The solution for barbering became licensing. Here too, Chicago was at the fore, with a JBIUA union rep so incensed by the “schemed system” that made students “believe that a six or eight week course would sufficiently fit him for a first-class position, or make him a practical and competent boss barber” that he decided to do something about it.

“In 1896 I visited the big school in Chicago to investigate their system — or lack of system — and I found it even worse than I had anticipated,” the rep wrote. “I then wrote an article for our Journal, describing the school and advocating laws to provide for examination and licensing of barbers. That was the beginning of the agitation for license laws.”

The unions fought hard to get states to make barbering a licensed, regulated profession, and A.B. Moler fought back, lobbying against licensing bills across the nation.

“The details of the fight would make too long a story to attempt to give in these columns, so I will simply say that the opposition came from Mr. Moler of barber school fame and A.W. Stark of Milwaukee, and though I despise these human parasites as I do a reptile, still I must credit them with conducting a shrewd campaign and striking at the right time and place,” ran one account of the behind-the-scenes battle at the Wisconsin state Senate.

Minnesota became the first state to regulate barbers in 1897. Other states followed suit and Moler lost other battles, although he managed to get on board with licensing and, by the 1920s, make it sound like he had been on board the entire time. (My guess is the chance to chart national standards that kept students paying for two years instead of two months helped change his mind, but I’m a romantic.)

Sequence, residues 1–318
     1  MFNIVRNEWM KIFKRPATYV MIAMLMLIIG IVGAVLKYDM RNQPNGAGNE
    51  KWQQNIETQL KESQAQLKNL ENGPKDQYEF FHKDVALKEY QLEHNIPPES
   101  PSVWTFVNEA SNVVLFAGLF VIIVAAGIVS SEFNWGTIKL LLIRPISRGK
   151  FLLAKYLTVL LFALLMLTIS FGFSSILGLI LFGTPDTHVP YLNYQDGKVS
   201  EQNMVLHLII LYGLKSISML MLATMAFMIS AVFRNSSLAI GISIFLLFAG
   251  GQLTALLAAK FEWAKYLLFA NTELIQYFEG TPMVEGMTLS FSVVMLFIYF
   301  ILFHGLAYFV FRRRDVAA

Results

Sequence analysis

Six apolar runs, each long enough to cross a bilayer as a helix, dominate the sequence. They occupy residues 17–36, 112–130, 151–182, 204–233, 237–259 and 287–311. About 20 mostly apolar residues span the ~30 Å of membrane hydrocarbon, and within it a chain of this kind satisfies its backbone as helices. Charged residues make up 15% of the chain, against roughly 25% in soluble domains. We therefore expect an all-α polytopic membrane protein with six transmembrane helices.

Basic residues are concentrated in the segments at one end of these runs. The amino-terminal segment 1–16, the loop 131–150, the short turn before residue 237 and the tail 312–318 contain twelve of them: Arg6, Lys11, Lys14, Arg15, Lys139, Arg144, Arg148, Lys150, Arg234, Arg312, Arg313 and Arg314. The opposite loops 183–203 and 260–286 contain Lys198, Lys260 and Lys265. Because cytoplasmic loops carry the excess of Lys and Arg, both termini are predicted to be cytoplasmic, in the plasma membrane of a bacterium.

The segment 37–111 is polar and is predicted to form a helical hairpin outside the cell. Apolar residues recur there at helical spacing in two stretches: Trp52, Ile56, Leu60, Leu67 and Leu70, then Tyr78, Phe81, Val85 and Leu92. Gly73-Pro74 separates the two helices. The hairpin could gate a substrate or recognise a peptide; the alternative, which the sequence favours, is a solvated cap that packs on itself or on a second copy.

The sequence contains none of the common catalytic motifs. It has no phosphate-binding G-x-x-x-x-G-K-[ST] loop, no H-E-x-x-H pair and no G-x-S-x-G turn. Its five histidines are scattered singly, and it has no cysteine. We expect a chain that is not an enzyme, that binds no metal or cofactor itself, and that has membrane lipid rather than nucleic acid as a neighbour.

The ponytailed barber and I talked about regulation, about how the shop with the rock ‘n’ roll overhead and Hells Angels on the walls is a place you can get a proper, official, Illinois-licensed shave (although no one would notice if a shop did unlicensed shaves, as he said there are only two swamped regulators watchdogging every barbershop and salon in the state). We chatted about the barber school that let him shift careers to find the one he truly loved. We chatted about license applications and fees and about how much it would cost to join the “pint club,” which I’m totally going to do, incidentally. Going to a real barbershop rather than a Hair Cuttery, Great Clips or other cheap churn chain is one of my affectations, one I don’t plan to lose.

But I didn’t know then I lived in the city that made it happen how it did, and wherever I go to get my ears lowered, Chicago shaped how it’s done.

Read about a Canaryville shop where Joe’s been cutting hair since the ’40s

Or the barbershop conversation about Chicago Man

Why I write about haircuts

Another affectation of mine

And Chicago’s equally weird creation of the ray gun

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You are currently reading #972: The Barber Battle Book by Paul Dailing at 1,001 Chicago Afternoons.